If contemporary theologians were to make explicit the role of the Holy Spirit in enabling our knowledge of the triune God, then there could be wide agreement that natural theology of whatever stripe is not only unhelpful, but is directly excluded from any serious understanding of theological epistemology.
I immediately let out a huge sigh of relief. Finally, after almost years of questioning and confusion, I found someone who agrees with my hesitations about the classic formulation of natural theology. I have heard what seems like countless scholars, peers, and professors argue for the validity and justification of natural theology in conjunction with the indispensible role of the Holy Spirit. However, unless these same westerners want to deny the filioque clause, I have never understood how the work of the Holy Spirit does not automatically negate the possibility of natural theology. Does not the entire word natural assume that human beings have some innate capacity - by whatever degree - to comprehend the existence of God? It has always seemed to me that once talk of the Holy Spirit enters the equation, the word natural should necessarily vanish. For this reason, I have always believed that those who say they believe one can have knowledge of God apart from special revelation (the Holy Scriptures, knowledge of Christ, etc.) either 1) only pay lip service to the role of the Holy Spirit or 2) deny the filioque clause thus believing that individuals can come to know the Father apart from the Son.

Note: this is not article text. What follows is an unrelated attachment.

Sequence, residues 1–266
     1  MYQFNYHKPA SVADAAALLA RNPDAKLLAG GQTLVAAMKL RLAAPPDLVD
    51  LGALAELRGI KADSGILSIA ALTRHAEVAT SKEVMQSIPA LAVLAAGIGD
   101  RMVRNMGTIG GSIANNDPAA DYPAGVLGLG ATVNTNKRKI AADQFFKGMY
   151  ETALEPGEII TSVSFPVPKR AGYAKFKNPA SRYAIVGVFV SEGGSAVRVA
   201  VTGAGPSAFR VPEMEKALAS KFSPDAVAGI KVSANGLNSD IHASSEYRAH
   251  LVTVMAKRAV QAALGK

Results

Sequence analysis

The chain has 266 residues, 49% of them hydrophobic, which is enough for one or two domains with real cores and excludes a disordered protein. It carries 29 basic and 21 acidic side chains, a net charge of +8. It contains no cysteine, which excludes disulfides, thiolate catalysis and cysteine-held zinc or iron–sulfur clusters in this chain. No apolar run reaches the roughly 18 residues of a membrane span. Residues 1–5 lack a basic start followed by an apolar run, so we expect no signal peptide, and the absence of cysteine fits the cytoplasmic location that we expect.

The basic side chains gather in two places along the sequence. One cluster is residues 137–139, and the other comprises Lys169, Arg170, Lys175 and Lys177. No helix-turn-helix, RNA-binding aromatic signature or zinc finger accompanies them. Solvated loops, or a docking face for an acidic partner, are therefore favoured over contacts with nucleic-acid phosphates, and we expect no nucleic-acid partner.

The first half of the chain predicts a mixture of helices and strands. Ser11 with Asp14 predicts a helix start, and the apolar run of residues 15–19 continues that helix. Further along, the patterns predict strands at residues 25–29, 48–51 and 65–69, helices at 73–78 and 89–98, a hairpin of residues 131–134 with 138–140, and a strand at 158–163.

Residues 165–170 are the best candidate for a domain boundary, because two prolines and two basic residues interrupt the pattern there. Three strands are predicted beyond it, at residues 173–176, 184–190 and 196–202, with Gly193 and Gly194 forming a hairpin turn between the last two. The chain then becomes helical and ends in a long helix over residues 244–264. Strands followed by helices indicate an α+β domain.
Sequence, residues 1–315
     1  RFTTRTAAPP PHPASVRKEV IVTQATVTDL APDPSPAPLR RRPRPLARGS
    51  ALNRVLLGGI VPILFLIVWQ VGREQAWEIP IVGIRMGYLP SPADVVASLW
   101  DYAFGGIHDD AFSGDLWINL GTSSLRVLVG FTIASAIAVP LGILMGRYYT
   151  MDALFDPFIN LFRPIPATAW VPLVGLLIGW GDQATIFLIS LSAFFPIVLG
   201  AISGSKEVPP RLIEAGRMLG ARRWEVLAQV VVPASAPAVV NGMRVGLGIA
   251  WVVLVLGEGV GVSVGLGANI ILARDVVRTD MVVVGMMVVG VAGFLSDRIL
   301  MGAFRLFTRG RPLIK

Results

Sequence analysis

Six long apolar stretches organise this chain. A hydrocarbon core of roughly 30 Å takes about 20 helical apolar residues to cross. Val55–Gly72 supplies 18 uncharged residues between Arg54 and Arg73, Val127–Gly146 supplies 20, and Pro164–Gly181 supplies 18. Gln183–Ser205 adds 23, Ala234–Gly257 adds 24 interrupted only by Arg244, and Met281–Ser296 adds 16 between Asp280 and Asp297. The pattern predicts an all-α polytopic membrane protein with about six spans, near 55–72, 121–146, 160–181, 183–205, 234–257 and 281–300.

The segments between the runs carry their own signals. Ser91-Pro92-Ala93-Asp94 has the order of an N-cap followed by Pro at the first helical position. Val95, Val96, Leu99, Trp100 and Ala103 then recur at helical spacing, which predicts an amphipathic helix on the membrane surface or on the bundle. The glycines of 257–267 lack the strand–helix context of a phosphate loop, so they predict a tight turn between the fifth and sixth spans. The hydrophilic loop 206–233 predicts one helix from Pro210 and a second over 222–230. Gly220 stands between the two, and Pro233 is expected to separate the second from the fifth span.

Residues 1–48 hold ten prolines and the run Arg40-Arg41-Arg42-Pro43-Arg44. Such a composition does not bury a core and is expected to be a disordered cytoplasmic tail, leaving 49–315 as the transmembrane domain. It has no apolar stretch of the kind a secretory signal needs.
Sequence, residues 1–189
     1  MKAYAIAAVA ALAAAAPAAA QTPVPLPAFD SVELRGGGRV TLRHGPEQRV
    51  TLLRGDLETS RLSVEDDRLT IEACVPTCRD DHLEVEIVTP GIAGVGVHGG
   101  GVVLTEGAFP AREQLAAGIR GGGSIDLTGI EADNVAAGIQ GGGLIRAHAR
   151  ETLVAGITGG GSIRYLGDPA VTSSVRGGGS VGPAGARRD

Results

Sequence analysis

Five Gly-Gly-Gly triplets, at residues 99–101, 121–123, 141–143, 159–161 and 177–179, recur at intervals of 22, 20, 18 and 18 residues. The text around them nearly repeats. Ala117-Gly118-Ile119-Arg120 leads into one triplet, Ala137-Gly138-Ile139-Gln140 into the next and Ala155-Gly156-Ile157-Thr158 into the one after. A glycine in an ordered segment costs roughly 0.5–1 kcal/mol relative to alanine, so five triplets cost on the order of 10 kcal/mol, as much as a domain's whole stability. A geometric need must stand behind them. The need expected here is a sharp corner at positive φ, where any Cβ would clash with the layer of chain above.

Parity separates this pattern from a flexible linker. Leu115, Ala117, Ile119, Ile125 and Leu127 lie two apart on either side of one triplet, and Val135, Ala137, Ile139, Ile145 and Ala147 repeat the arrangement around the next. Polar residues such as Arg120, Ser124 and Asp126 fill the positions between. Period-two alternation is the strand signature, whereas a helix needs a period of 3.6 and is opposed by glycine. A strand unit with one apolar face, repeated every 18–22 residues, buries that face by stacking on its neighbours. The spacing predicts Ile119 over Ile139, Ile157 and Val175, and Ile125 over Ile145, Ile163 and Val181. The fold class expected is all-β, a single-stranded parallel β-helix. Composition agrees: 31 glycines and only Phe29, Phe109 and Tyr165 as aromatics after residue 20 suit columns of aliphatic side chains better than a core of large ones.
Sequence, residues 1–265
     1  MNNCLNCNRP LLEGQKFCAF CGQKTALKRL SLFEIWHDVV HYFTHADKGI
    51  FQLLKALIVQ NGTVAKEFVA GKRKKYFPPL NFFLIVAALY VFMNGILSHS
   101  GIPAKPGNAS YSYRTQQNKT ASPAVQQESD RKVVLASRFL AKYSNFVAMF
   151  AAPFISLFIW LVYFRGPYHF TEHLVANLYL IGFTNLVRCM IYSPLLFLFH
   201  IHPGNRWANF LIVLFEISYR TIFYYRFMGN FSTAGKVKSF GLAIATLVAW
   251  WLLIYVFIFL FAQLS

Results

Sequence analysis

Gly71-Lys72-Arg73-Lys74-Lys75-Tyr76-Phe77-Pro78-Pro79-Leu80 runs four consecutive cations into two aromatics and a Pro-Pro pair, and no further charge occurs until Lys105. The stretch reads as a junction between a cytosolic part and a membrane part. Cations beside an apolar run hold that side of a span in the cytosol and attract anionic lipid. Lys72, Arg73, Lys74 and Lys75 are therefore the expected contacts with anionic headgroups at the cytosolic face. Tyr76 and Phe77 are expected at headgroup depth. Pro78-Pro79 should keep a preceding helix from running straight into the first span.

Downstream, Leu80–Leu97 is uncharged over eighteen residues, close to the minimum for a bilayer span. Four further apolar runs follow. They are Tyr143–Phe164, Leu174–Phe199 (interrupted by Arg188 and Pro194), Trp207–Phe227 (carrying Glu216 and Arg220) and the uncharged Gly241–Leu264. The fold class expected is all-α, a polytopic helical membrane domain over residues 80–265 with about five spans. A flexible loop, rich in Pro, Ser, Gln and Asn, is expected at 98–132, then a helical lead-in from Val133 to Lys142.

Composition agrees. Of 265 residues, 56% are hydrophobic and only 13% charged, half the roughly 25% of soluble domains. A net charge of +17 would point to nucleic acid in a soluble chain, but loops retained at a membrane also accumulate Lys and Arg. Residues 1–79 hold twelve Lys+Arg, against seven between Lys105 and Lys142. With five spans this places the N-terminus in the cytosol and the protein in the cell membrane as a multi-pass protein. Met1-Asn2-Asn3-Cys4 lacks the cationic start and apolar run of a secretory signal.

Getting back to Molnar's essay, he goes on to point out that some scholars, such as John Courtney Murray, argue that "we can know that God is but we cannot know what he is" (5). There are no shortage of Christian philosophers who believe and passionately argue that one can believe God's exists without knowing who this God is. Such philosophers usually have an abundance of literature that label God with names like "the first Cause" or the "Ultimate Being" thus stripping Him of all the names God has given of Himself through His self-revelation. Molnar asserts that to separate the question of God's existence from His identity "is the first mistake that follows from failing to realize that our knowledge of who or what God is comes positively to meet us in Christ and thus through his Spirit as an act of God" (7). In effect, the question becomes what role the Son possesses in relation to the Father if the Son is ultimately unnecessary for knowledge of God. Furthermore, such an affirmation of knowledge of God apart from the encounter with Jesus Christ inevitably separates the work of the Spirit from the Son. To me, this paves the way for a type of inclusivity that I fear is unintended by most who advocate such a way forward.
Unfortunately, I started writing this entry much later than I planned. I'll have to continue this at a later date.